Cabin Fever - Installation view at Appleton Square, Lisbon, 2009
Cabine Fever, 2009. Wooden structure, 8 photographs, Inkjet, Semi Matte Photo Paper, 140 x 78.5 cm each. Edition of 3 plus 1 A.P.
Appleton Square, Lisbon
23rd April - 23rd May 2009
Rui Calçada Bastos’ CABIN FEVER, a work which explores the experiential borders of travel and frames a peripatetic vision, showcases from the 23 April – 23 May 2009 at Appleton Square. This exhibition presents a new collaborative endeavor between Vera Cortês Art Agency and Appleton Square.
Presenting a selection of 8 large-format photographs, the installation is combined with a structural intervention, where the artist has constructed a labyrinthine grid through which viewers must maneuver, in order to view the images up close. Contrary to how we may habitually expect to move through an exhibition space, CABIN FEVER thus probes at the destabilization of our perspectives by necessitating the sensation of constantly shifting navigational axes.
The series of photographs in the installation was developed over the span of more than a year, presenting a non-linear, fragmentary narrative of the artist’s journeys. Taken on different plane trips, each photograph frames a restricted viewpoint from Bastos’ allocated window seat. Rather than a full frontal portrait, the rear view of the dormant, dozing stranger occupying the seat in front expresses a formal aesthetic of its own, yet also reveals the partiality of individual perspective. Consequently, the artist expresses through his vision the unknowability of an Other that mirrors the opacity of our Selves.
Certainly, the hours of our existence in mid-air are the hours in which we live in a state of limbo. Miles above the ground, time zones and outlines of continents begin to converge. Routine activities that we normally perform from day to day and to a particular time schedule morph into interrupted sequences of movement. Oftentimes, we sleep when we would normally be awake, waking when we would otherwise sleep. The act of traveling, of being “on the road”, becomes an act of modification that affects our daily rhythms of living, at least for the duration in which we find ourselves caught in this somnambulistic non-place. Akin to being in a state of sleep, the mind roams between consciousness and dream. Within this liminal space, we can neither name a ‘here’ nor a ‘there’, or say that we have ‘arrived’ or ‘departed’. Moving within the maze-like structure of Bastos’ work, we unconsciously re-enact our movements and modes of existence on board airplanes. The boundaries of geographical borders and time may seem to collapse in this situation, yet our physical and private spaces simultaneously shrink. How many times does the disturbing notion occur, that we are somehow breathing the same limited oxygen, recycled air?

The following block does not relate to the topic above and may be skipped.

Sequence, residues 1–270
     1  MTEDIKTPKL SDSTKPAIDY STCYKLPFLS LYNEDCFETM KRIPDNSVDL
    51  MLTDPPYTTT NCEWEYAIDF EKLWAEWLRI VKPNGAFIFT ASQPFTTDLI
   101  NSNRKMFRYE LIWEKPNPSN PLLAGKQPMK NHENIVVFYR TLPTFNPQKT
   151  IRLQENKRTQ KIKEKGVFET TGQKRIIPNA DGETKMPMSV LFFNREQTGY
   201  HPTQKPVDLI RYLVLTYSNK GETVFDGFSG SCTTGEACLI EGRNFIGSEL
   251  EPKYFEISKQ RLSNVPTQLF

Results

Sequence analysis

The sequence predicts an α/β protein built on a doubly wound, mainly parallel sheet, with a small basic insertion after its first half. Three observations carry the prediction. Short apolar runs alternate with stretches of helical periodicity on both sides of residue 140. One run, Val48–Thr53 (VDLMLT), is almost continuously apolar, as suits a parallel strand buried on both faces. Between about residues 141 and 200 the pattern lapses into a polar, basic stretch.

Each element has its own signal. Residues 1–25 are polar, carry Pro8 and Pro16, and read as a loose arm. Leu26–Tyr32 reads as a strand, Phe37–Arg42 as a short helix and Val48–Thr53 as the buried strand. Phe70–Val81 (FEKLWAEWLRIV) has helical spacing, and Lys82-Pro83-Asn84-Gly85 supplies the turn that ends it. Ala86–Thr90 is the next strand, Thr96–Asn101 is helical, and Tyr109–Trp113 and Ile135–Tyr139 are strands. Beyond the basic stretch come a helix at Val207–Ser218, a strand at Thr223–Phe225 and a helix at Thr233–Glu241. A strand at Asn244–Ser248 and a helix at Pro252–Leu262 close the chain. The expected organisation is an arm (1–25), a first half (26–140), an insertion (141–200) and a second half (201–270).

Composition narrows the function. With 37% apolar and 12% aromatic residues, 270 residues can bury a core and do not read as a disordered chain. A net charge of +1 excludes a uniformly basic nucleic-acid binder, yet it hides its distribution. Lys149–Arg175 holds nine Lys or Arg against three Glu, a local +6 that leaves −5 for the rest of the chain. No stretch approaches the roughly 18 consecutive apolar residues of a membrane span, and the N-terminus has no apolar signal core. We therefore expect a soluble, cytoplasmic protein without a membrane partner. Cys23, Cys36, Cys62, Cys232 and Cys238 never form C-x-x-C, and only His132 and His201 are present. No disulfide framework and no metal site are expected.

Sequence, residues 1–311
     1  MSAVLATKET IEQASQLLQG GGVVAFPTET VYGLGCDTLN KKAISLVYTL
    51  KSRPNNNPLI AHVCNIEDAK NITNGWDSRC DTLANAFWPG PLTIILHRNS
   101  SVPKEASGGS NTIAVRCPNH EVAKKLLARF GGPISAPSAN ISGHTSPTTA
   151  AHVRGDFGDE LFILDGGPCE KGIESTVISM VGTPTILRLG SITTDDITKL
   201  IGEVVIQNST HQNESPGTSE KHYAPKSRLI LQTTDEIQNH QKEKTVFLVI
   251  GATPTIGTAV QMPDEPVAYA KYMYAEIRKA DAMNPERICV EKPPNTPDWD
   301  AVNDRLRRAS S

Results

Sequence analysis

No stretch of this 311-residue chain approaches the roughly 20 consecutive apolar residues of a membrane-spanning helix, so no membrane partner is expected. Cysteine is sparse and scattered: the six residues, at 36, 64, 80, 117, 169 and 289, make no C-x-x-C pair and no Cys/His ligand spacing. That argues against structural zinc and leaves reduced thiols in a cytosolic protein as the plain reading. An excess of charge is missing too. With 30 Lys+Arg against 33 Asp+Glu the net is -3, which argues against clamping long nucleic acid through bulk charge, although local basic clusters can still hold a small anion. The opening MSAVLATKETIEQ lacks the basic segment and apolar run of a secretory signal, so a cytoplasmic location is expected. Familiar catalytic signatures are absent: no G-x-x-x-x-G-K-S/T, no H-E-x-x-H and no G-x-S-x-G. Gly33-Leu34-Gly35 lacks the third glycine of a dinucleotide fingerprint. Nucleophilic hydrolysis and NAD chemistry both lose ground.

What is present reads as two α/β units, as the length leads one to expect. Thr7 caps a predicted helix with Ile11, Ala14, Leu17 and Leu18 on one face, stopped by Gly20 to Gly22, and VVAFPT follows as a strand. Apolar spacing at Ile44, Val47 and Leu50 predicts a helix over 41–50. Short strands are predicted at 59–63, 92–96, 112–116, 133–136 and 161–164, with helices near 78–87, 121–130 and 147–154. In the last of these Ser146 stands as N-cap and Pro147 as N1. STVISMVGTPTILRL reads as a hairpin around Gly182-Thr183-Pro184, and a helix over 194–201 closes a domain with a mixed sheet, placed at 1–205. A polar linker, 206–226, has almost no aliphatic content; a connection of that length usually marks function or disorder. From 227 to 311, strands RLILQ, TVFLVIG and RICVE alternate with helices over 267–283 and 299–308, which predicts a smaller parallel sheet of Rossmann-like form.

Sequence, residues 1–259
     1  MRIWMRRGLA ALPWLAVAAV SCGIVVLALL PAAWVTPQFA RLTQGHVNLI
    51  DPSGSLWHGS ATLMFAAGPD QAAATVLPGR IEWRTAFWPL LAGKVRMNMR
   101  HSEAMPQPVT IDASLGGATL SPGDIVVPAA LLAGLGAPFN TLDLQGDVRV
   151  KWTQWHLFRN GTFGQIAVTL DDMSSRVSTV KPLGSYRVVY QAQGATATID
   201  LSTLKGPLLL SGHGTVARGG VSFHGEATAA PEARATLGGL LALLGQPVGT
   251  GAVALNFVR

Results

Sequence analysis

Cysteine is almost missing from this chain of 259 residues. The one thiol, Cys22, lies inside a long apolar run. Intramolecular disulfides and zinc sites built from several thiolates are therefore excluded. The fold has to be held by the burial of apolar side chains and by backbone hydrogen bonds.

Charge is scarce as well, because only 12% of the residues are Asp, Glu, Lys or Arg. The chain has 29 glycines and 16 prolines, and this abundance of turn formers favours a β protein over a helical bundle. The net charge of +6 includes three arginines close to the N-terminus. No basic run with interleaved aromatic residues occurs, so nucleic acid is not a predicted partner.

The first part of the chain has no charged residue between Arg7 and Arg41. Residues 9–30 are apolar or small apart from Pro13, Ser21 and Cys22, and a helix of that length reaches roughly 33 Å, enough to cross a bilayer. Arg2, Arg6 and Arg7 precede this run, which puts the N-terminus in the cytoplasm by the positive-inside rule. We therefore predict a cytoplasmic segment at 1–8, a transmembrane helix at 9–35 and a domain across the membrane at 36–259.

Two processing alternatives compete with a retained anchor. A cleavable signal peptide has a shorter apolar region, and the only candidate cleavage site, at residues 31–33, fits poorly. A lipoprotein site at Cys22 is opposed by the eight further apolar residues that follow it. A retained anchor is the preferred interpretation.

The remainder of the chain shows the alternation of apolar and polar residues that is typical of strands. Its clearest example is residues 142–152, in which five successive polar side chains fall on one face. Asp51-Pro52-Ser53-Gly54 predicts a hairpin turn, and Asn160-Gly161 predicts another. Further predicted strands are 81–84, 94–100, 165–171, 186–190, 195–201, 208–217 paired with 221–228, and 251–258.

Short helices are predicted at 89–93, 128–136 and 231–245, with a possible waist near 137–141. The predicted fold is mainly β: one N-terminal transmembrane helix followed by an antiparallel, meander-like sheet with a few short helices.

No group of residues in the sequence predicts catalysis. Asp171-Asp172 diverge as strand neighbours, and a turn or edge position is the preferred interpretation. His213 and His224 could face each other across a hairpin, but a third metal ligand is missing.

While the notion of travel and of being in a non-place is often associated with a utopian, universalizing vision of global liberty and of the freedom of movement, its opposite is a dystopian one – that of cabin fever. Idiomatic and almost mythic in its description, cabin fever refers to a claustrophobic reaction, mostly believed to be a psychological syndrome, that occurs when a person or persons are confined in the same space for an extended period. Rui Calçada Bastos’ CABIN FEVER evokes a vivid consideration of the romantic and anti-romantic associations of travel in a single, poetic gesture.
“Now behind the modern blue of this glass airport, she rests like a sleeping black moth, her vague umbra cast across the floor from an inchoate source of light. A ghost caught in some inexact moment, calling into being what the living wish to forget. I almost know her. I sit for awhile beside her, looking out at the tarmac beyond the viewing gallery. Here, a Boeing 747 sits diagonally across us. There, ground aviation crew stroll across a clear runway. Leftover stars recede into orange and white streaks smeared across a gradually lightening sky.
I am far from someone you would call romantic, although I am enjoying this natural spectacle of change before me; that which always follows after me and despite of me.
Night to dawn. Dawn to day. Sky. Blue sky.
The red navigation lights on the aircraft wings blink on and off.
A rush of claustrophobia hits me. I travel too often.
Fatigue lingers on. Nausea. My eyelids grow suddenly heavy; at the brink of being stolen again by sleep at the wrong hour. I have missed a few flights this way before, waking up short of the clock; miles away, with the feeling that I was born too late.”
Eliza Tan, Writer & Curator
Excerpt taken from ‘1001 Nights, Reworked’ (Eliza Tan, 2008)